Posted on: 06 May 2019
In the aftermath of the Arab Spring, organized crime in the Maghreb-Sahel emerged as a major factor exacerbating violence, corrupting peace processes and undermining weak and fledgling states in the region. The Libyan revolution and its spill over effect in neighbouring territories all the way from Sudan to Chad, Niger, Mali and Algeria is the clearest example.
In spite of this bird’s eye view picture, conflict and instability have also undermined criminal enterprise. The Trans-Saharan route moving South American and Moroccan narcotics all the way across the Sahara enroute to Europe and Egypt declined significantly over the past years and one of the primary culprits has been the instability caused by conflict and a proliferation of banditry at various points along this established trafficking route.
This and other insights emerge from research conducted by the Global Initiative Against Transnational Organised Crime with funding from the Norwegian Ministry for Foreign Affairs in Mali, Niger Chad, western Sudan, southern Algeria and southern Libya, developing an overview of the state of play of organized crime in this vast region.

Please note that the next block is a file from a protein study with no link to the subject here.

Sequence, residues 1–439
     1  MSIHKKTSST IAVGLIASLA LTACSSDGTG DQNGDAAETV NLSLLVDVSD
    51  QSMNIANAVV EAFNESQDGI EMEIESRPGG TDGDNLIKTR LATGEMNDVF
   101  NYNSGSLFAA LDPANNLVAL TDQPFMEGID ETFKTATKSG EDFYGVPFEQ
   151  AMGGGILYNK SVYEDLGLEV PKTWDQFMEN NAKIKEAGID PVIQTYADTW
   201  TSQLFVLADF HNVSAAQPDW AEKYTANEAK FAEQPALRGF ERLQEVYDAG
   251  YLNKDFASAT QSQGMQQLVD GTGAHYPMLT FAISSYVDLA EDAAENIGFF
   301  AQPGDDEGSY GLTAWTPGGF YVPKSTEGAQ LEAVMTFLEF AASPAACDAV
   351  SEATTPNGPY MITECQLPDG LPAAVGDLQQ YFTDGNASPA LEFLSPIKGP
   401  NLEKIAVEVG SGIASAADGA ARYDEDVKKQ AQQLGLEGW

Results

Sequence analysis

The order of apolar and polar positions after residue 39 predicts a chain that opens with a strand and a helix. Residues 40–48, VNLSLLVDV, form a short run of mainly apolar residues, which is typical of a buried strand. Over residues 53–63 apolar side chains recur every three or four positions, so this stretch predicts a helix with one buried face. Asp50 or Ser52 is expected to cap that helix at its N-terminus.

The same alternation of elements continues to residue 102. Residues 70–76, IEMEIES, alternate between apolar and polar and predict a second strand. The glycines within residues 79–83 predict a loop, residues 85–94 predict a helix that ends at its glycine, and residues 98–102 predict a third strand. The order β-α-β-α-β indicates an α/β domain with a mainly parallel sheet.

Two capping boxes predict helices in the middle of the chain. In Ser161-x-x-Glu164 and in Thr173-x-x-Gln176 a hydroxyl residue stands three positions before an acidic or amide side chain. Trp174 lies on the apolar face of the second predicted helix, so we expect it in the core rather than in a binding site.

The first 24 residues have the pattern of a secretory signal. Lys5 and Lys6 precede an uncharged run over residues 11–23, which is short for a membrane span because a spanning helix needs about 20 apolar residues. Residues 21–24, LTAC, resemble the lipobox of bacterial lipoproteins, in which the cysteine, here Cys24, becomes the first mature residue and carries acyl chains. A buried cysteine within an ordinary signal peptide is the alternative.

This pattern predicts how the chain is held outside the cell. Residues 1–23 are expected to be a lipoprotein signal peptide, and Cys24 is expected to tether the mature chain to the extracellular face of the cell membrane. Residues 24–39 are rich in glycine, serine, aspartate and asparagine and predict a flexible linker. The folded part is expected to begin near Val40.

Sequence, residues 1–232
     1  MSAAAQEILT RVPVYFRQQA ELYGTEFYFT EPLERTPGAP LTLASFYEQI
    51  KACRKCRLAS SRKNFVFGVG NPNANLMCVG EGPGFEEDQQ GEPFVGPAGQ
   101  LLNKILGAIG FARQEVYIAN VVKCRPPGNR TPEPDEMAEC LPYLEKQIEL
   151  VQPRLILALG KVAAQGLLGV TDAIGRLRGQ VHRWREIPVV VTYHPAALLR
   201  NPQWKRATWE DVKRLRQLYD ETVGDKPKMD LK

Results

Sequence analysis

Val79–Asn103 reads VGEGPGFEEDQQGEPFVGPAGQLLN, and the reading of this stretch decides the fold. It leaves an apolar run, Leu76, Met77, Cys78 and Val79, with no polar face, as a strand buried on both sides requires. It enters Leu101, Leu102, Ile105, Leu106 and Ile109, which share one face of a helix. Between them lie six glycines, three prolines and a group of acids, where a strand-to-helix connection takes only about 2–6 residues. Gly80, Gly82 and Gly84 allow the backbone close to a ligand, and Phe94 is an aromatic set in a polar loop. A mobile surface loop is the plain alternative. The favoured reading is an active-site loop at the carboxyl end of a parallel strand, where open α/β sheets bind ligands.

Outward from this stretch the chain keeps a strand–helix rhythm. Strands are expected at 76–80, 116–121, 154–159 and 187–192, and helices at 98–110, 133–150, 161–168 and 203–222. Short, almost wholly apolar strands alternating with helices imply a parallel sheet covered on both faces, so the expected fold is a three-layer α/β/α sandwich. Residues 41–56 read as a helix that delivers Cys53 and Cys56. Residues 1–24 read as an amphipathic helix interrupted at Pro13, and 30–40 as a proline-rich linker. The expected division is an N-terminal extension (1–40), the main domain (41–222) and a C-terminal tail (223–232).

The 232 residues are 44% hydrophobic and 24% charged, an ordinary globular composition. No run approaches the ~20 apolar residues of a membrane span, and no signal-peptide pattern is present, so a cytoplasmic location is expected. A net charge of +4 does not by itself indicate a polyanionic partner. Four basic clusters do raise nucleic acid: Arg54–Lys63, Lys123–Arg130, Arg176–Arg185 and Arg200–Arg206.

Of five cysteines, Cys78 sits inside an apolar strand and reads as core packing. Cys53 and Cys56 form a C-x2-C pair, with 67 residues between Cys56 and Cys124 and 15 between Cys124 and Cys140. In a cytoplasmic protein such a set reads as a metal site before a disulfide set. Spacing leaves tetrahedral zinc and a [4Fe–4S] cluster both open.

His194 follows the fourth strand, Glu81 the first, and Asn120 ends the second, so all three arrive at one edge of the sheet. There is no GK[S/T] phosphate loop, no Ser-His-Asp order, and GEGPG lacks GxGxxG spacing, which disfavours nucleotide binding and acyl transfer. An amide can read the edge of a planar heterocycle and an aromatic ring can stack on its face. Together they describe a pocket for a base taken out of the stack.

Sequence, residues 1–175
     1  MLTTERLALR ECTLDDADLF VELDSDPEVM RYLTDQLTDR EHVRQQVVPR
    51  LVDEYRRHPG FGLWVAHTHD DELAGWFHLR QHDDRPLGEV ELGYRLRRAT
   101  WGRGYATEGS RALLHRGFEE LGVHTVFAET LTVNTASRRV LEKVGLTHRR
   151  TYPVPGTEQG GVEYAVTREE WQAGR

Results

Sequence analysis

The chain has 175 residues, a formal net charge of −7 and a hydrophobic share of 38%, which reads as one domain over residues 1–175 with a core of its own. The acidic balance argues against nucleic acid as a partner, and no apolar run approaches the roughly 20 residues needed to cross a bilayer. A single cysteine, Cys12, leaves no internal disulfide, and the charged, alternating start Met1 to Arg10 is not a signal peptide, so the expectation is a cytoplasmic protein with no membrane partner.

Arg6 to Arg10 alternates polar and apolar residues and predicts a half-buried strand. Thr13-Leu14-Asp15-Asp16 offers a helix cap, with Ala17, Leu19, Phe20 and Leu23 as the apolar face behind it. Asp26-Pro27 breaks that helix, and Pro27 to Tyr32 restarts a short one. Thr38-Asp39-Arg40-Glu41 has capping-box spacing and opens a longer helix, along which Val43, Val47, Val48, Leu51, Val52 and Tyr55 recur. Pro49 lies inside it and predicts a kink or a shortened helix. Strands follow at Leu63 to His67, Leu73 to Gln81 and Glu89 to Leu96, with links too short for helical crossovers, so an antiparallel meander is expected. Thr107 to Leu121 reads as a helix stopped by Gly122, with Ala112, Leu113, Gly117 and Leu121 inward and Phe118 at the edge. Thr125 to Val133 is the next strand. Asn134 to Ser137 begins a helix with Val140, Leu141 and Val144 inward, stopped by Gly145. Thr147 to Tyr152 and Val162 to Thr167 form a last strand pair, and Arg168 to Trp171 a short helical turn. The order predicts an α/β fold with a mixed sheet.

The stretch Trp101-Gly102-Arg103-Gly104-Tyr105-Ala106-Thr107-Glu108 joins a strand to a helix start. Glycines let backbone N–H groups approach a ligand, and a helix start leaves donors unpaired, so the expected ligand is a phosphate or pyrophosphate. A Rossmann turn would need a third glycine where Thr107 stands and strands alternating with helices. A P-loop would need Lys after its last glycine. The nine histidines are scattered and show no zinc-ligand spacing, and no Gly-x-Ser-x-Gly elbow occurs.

The presentation to be delivered by the authors, Mark Micallef and Raouf Farrah, with the Nigerien investigative journalist Moussa Aksar and the Malian Sociologist Dr Brema Ely Dicko, chaired by Halvor Sætre, Norwegian Special Representative for the Sahel, will deliver a picture of the current state of organized crime in the region, while also offering individual country assessments and outline trends and emerging avenues that should inform policy responses.